No, that’s just it. It IS in the list. But attempting to invoke it does nothing when in the second project.

I just tried exporting the layout in the first project then importing it into the second project.

Invoking that also does nothing.

Just to eliminate possible corruption in the layouts, I went to Application Support and deleted all of them.

Then I went back to Project A and created a layout based on the current project settings, including checking ‘save outliner and corkboard settings’ and ‘preserve all metadata appearance options’.

Then I went to Project B and attempted to invoke that layout.


So I closed that project and quit Scrivener. On reopening Scrivener and Project A, this time it reflects the current layout. So I opened Project B. It does not. Selecting that layout still does nothing.

Sounds like a bug. I’ve updated this thread to specify MacOS.

Just for the record, I think some (most?) of the concepts discussed here were already gone over in this thread, a few weeks ago. I see some time being spent going over concepts that were already discussed there, unfortunately.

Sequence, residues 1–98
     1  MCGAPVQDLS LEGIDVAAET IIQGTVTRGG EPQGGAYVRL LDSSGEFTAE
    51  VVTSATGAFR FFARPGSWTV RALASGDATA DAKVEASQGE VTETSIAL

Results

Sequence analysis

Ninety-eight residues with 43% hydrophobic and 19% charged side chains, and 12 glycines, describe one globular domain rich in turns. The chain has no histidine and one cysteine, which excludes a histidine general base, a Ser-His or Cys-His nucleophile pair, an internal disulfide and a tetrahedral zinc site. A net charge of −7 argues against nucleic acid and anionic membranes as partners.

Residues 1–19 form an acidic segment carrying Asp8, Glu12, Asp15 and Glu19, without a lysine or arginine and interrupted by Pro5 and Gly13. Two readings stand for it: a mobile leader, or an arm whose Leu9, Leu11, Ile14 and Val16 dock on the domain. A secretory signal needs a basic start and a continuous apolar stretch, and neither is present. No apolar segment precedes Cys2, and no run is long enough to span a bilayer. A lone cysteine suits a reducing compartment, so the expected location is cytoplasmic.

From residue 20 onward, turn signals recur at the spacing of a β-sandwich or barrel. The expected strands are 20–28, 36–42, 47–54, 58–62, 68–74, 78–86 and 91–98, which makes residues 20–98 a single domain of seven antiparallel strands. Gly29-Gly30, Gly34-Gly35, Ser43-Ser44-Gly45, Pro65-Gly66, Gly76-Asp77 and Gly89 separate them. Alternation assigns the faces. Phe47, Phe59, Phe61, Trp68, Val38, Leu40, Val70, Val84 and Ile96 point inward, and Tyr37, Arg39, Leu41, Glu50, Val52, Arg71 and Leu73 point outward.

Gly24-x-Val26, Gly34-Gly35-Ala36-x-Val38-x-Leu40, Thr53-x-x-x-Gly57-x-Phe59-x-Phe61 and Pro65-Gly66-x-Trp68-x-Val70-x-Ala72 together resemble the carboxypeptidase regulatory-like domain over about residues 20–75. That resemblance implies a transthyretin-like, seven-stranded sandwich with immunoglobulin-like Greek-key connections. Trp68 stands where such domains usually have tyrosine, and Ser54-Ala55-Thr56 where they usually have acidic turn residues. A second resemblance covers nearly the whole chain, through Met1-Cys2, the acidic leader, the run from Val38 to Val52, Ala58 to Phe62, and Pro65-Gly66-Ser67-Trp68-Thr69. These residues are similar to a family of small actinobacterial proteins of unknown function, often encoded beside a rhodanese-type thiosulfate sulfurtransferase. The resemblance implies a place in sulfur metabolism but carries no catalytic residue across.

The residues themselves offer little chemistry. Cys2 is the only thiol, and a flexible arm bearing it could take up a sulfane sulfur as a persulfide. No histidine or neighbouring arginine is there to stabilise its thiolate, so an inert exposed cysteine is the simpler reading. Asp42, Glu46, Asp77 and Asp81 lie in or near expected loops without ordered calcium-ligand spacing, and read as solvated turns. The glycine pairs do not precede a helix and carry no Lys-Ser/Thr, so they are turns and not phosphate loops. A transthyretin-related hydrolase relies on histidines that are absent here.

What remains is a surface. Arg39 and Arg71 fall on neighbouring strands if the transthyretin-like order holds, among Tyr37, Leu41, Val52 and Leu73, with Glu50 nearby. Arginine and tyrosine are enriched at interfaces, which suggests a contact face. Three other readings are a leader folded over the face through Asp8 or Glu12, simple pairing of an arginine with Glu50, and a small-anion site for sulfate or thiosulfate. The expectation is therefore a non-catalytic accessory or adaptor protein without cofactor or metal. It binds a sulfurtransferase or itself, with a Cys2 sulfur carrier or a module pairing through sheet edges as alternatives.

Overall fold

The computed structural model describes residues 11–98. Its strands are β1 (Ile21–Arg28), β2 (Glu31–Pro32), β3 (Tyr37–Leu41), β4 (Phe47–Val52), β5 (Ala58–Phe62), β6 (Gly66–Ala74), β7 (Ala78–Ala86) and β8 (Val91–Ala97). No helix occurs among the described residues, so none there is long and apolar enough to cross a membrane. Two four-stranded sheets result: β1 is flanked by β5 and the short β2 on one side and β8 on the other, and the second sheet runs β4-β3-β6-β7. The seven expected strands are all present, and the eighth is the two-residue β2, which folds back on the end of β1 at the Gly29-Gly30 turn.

As I requested in the other thread, I think a lot of confusion is being generated over terminology, and expectations that have nothing to do with how the software is programmed to work.

It would be a lot more effective for you to produce a detailed checklist, starting from a new “Blank” project, that demonstrates the problem you are having, and what you are expecting to have happen instead.

If you could also please describe how this is a different report from the previous one, that would help. If there is no difference, I will merge the threads together so as to save future people the time of rewriting answers to questions already answered. If not, that’s fine! I’m probably confused is all, by how the fundamental problem seems to be a deep misunderstanding of what a Layout (the feature) is, and how very little that has to do with the typical project’s disposition—in the same way we would not expect a cookie cutter in the kitchen drawer to be influencing the disposition of baked cookies throughout the house, were we to ding the shape of one.